The Paradoxical Nature of Cloud Atlas

This film was astounding.
I don’t watch films very often, but after reading the plot premise, I hunkered down to the sole movie theater that was playing it in my city.
But anyways. Go see Cloud Atlas. It will be the best three hours of your life.Some critics may argue it fell short of its goal to portray of the original novel. But the sheer ambition, the sheer daring of trying to connect and attach meaning to six different storylines deserves to be watched and marveled.

I’d rather go see a movie that is overly ambitious than be stuck with a safe, yet horribly boring and cliched film.

Cinematic beauty.

I won’t write about the plot since I’m trying to get you to go see it (and that then this post would be too long). So I’ll talk about what’s fundamentally great about it:

1) It’s realistic.
2) It’s a message of hope.

Life, as many people are so happily aware, is not always full of magical ponies and sparkling rainbows. It is often nasty, brutish, and short. Realism is a piece of work acknowledging these unsavory characteristics of life. But the other side of life is love, humor, and the occasional goodwill of strangers. That’s hope. If a creator can pack these two seemingly paradoxical sides of life into a single film, then they’ve created genius.
Cloud Atlas is not happy-ever-after for everyone. People die. [spoiler alert!] Robert Frobisher commits suicide, Sonmi 451 is executed, Hae Joo Chang is killed in crossfire, Sixsmith gets shot in the mouth – fuck, the movie is a furball of emotional tragedy that can send even me, the emotionally stunted recluse, bawling.The only thing that stops me from continuing to be emotionally distressed is that in spite of these ended lives, there’s this shining hope – there’s meaning created in their deaths. That what they died for is worth it. That in life (even if it ends in a bloody goddamn mess) it is worth standing up for truth. It is worth living freely.

Ladies and gentlemen, this is why you must go see Cloud Atlas. Such an artistic endeavor to portray humanity in all its ugliness and loveliness is worth witnessing. 

The secret to Lincoln’s success: shutting up at the right times.

(God how I hate that title…)

But Team of Rivals by Doris Kearns Goodwin is truly a fascinating read. When I picked it up, I expected it to be some dry boring commentary on how Lincoln was so great and his rivals were numb skulls with the brains of  flowers and the ferocity of squirrels…(you get my point).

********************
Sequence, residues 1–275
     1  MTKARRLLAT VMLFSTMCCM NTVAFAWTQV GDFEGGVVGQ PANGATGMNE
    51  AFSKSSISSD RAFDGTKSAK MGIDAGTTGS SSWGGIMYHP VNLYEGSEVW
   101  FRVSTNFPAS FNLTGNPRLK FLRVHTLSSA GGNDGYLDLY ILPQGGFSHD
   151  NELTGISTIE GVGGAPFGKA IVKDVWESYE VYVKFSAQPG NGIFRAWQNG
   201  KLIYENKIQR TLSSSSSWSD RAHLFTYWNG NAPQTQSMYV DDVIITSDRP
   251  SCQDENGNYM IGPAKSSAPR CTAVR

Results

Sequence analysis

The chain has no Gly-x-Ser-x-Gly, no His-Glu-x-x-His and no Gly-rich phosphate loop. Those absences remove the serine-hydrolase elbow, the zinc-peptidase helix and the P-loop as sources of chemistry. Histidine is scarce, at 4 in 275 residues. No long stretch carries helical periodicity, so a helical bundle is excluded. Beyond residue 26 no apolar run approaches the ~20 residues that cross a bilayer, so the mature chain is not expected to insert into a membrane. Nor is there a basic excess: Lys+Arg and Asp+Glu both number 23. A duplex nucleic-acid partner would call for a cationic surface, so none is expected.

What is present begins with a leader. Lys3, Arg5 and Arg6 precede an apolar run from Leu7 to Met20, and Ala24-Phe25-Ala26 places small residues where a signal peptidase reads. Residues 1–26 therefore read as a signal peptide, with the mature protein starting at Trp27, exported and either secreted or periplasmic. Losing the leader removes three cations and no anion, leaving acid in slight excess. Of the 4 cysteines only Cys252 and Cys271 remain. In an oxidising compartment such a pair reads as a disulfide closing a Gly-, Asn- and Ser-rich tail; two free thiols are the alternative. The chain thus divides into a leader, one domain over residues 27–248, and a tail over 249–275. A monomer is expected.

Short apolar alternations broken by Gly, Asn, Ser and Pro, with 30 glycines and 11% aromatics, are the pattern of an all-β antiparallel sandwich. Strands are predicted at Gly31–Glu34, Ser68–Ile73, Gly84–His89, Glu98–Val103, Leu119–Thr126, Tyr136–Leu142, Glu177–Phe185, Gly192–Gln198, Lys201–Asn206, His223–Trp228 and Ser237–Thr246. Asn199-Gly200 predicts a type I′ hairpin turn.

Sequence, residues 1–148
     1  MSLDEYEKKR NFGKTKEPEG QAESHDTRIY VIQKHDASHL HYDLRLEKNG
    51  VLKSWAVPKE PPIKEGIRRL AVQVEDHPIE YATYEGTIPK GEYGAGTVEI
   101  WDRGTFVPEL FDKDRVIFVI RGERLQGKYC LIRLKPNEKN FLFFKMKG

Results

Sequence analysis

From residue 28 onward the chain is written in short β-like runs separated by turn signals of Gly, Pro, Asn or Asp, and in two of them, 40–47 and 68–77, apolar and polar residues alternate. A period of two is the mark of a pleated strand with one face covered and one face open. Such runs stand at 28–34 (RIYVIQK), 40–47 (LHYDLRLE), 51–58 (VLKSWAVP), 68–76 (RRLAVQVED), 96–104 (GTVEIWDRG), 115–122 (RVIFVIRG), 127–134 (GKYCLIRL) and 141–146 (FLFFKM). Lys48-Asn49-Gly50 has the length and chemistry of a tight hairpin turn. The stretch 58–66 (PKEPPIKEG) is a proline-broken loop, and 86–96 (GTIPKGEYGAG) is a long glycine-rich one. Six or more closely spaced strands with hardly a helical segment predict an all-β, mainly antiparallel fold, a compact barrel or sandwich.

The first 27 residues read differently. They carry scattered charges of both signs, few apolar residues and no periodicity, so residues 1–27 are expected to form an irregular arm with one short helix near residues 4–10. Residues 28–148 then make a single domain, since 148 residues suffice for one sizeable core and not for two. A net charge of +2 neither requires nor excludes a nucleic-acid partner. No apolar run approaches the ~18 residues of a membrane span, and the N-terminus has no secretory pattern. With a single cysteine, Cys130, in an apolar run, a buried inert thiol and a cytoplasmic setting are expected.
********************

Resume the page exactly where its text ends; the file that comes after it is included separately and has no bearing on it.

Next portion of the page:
To my greatest delight, while there still was incessant praise for Lincoln’s character, goodwill, and political maneuverings, she treated the other Republican candidates justly. Her storytelling is masterful; leading the reader through each of the character’s situations, reflecting on how their actions lead to ultimate defeat (or success in Lincoln’s case). The scenes are crafted to easily let the reader imagine he/she is also cheering among the throngs at conventions.

But enough of that.

Let’s talk about politics. Or more specifically, the past and the future. To be a successful statesman back in the day, one had to have excellent command over the spoken word and the written word – one had to have a vigor, a charismatic quality to their speaking. While Seward (Lincoln’s rival, Governor of New York back then) had an explosive quality, a charming, enthusiastic rhetoric, Lincoln was more reserved but no less compelling with his carefully chosen words and analogies.

Nowadays, leading political figures do not write their speeches. To write a speech about a topic, one actually has to do research.  The lack thereof is quite a pity. Perhaps that’s why we have statesmen like Rick Santorum who think ratifying the United Nations Convention on the Rights of Persons with Disabilities is a travesty and a secret plot to undermine the golden sanctity of American independence. Clearly this will bring down the Statue of Liberty and reduce our beloved democracy to shambles. Clearly.

Yes Mr. Santorum. Think on your life. Think on your choices.

But besides that misguided opinion, my issue is with his clear lack of common sense as a statesmen. Alright, sure, maybe he doesn’t like the measure, maybe he thinks the United States is better off without joining in on the agreement. But Mr.Santorum, how effective are UN conventions? How effective are global agreements that are just affirmations of principles and no required actions?

The Convention, as far as I can tell, is a broad list of “rights of the disabled”. There is no where in there that states that United States must do so-and-so or suffer dire consequences. Signing this convention would beholden the United States to nobody unless the country decides to abuse its disabled population (which I surely hope will never happen).

Recognizing this fact, Mr.Santorum should have convinced his party to ratify the convention in order to improve the public image of the Republican party ( their GOP makeup was disastrous: i.e. rich old white people sniff at the rights of immigrants, gay people, and women). A second reason is to express a sign of goodwill of the Republican party – that no, they are not just going to always butt heads with the Democratic party (ahem. John McCain, looking at you).

The cost of simply ratifying a rather lacking in substance global agreement versus the cost of once again, showing the nation that the Republican Party has the brains of flowers and the ferocity of a rabid squirrel, is far lower.

In this aspect, President Lincoln was a far better politician – he knew when to shut up and when to make his case. Mr.Santorum should take a leaf from President Lincoln’s page.

Hello world!

Ramblings of an easily distracted, crazy cat lady, who generally hates social interactions, and lives through books.

And yes. Nipples, my friends, are glorious.
(attaching nipples to the end of anything will instantly fabulouslize it.)